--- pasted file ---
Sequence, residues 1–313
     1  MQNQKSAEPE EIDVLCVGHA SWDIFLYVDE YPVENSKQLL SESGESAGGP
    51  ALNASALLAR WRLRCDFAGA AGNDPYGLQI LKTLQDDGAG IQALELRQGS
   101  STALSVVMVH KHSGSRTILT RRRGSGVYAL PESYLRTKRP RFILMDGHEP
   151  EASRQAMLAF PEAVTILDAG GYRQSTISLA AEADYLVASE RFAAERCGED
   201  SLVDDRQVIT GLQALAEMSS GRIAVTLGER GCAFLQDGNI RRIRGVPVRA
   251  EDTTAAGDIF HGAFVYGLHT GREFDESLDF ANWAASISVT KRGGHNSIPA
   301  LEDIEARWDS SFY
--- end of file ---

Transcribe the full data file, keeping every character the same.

Sequence, residues 1–313
     1  MQNQKSAEPE EIDVLCVGHA SWDIFLYVDE YPVENSKQLL SESGESAGGP
    51  ALNASALLAR WRLRCDFAGA AGNDPYGLQI LKTLQDDGAG IQALELRQGS
   101  STALSVVMVH KHSGSRTILT RRRGSGVYAL PESYLRTKRP RFILMDGHEP
   151  EASRQAMLAF PEAVTILDAG GYRQSTISLA AEADYLVASE RFAAERCGED
   201  SLVDDRQVIT GLQALAEMSS GRIAVTLGER GCAFLQDGNI RRIRGVPVRA
   251  EDTTAAGDIF HGAFVYGLHT GREFDESLDF ANWAASISVT KRGGHNSIPA
   301  LEDIEARWDS SFY